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County to aid Baker St. in fighting flooding



Published: Thu, July 12, 2007 @ 12:00 a.m.

A two-phase project is designed to take stormwater away faster.

By JEANNE STARMACK

VINDICATOR STAFF WRITER

AUSTINTOWN — Mahoning County will help with a project to curb flooding on a street where residents have long complained about inundated yards and basements.

Residents of Baker Street asked trustees several times last summer to help them stop the source of the flooding.

They believed inadequate drainage systems from Mahoning Avenue businesses were contributing to the flooding.

Last year, the county engineer recommended changing the direction of a catch basin pipe behind the Skate Zone on Mahoning so that the water flowed out faster, said township Administrator Mike Dockry. That was done.

But a bigger project to help take the water away faster from Baker Street will begin sometime in 2008, he said. Phase I of that project will involve bigger stormwater pipes and work on the drainage channel on Kimberly Avenue, where water from Baker Street flows.

A new retention pond at a culvert on Norquest Boulevard near state Route 11 will eventually collect that water. The retention pond should also help curb flooding of the kind that closed Norquest Boulevard twice last year, Dockry said.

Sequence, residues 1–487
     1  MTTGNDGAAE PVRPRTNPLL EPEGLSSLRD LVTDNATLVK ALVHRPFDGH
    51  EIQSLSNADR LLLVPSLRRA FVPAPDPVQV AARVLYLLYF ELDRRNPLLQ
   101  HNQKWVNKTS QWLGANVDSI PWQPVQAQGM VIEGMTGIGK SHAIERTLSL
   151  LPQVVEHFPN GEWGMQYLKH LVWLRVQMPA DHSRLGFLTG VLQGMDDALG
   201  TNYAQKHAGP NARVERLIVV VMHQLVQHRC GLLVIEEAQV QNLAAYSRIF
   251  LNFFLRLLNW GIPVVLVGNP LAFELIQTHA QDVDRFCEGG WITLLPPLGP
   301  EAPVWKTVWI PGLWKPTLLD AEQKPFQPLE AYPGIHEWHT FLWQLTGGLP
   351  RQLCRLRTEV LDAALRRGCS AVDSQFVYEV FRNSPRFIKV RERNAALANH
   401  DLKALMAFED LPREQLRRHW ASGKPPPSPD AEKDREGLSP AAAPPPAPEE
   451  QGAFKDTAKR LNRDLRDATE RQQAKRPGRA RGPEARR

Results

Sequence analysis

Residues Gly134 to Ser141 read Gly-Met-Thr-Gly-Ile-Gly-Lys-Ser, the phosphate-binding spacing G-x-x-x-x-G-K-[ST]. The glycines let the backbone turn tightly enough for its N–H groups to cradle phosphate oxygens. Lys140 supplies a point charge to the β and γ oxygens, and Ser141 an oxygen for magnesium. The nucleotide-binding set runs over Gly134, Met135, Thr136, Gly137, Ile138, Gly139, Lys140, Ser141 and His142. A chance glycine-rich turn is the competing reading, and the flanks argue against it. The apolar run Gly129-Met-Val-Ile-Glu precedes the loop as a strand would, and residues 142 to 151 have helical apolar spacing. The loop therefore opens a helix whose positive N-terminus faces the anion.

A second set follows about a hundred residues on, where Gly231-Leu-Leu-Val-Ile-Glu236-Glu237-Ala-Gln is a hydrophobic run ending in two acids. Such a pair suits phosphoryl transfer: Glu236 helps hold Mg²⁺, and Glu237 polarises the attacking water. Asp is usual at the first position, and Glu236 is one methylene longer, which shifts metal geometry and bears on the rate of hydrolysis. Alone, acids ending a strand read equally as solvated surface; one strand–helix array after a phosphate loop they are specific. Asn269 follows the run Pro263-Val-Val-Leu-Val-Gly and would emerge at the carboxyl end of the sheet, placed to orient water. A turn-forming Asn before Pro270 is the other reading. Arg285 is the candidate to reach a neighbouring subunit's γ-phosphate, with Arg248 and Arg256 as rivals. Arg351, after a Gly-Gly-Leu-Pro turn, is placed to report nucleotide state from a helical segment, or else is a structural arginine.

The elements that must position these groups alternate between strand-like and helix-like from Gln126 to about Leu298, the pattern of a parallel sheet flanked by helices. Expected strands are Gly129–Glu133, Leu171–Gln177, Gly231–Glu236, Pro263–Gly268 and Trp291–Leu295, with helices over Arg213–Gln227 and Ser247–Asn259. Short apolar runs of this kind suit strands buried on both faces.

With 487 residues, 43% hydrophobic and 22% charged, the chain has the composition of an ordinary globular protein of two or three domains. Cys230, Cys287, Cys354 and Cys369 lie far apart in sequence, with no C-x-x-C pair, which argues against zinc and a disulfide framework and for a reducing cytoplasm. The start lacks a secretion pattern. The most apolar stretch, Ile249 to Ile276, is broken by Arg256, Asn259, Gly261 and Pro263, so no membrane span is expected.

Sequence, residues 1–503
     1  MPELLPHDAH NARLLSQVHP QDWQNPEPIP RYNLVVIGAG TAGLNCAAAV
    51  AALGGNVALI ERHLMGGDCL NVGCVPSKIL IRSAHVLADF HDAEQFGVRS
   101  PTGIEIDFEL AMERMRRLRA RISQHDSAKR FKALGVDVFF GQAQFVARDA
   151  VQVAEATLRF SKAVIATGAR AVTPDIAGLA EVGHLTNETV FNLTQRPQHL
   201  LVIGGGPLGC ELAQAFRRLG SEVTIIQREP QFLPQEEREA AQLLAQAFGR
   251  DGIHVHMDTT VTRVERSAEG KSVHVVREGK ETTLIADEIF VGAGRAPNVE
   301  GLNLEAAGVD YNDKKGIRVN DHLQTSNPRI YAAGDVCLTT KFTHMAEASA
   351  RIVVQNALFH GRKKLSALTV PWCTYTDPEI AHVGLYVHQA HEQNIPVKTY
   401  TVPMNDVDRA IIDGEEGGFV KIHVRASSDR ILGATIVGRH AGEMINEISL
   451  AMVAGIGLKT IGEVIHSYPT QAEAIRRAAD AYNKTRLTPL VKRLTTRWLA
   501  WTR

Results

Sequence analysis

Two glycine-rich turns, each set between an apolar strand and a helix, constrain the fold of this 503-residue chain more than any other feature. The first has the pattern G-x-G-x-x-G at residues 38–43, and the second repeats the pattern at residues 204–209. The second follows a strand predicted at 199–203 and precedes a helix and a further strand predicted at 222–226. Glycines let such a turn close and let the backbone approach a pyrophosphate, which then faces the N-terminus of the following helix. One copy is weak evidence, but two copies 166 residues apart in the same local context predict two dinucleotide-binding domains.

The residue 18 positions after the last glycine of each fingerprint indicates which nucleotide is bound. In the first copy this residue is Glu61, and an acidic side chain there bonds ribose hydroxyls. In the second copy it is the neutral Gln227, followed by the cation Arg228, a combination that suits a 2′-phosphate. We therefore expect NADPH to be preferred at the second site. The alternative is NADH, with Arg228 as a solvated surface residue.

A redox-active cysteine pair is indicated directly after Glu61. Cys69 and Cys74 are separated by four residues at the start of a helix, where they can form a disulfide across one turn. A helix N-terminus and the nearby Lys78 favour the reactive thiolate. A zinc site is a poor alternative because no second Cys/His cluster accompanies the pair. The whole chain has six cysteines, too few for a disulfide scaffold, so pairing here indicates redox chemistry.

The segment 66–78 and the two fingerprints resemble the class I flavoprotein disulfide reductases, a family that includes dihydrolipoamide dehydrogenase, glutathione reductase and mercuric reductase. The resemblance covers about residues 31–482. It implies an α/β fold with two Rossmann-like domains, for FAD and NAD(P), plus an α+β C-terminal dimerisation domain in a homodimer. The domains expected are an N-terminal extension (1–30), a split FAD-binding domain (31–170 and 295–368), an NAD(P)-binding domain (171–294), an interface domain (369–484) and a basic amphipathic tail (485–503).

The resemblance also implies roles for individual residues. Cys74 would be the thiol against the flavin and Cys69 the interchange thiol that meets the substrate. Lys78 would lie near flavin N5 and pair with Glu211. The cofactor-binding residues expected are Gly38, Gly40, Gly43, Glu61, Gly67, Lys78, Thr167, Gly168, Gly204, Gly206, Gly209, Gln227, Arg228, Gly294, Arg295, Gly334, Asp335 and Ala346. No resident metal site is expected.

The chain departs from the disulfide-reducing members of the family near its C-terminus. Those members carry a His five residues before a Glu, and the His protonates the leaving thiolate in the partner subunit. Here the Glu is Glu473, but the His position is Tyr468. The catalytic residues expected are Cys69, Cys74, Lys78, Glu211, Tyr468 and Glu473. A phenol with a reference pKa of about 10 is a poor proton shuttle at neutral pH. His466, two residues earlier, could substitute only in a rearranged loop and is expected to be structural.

The project will cost $105,000, with $73,000 of it coming as a grant from the county, Dockry said.

Phase Two

In the second phase of the project, which is unfunded at this time, larger stormwater pipes would be installed on Baker Street. Dockry said putting the bigger pipes in place on Kimberly and building the new retention pond are necessary first.

Harry Daff, a Baker Street resident who often spoke about the problem at township meetings, said he believes the work on Kimberly Avenue is a good start toward the solution. He said the bigger pipes on Baker should help.

Daff said that right now, water backs up out of the storm system and floods yards and basements.

He said the water comes up his driveway and gets into his garage and basement.

Dockry said that last year, unusually heavy rains overtaxed the storm system.


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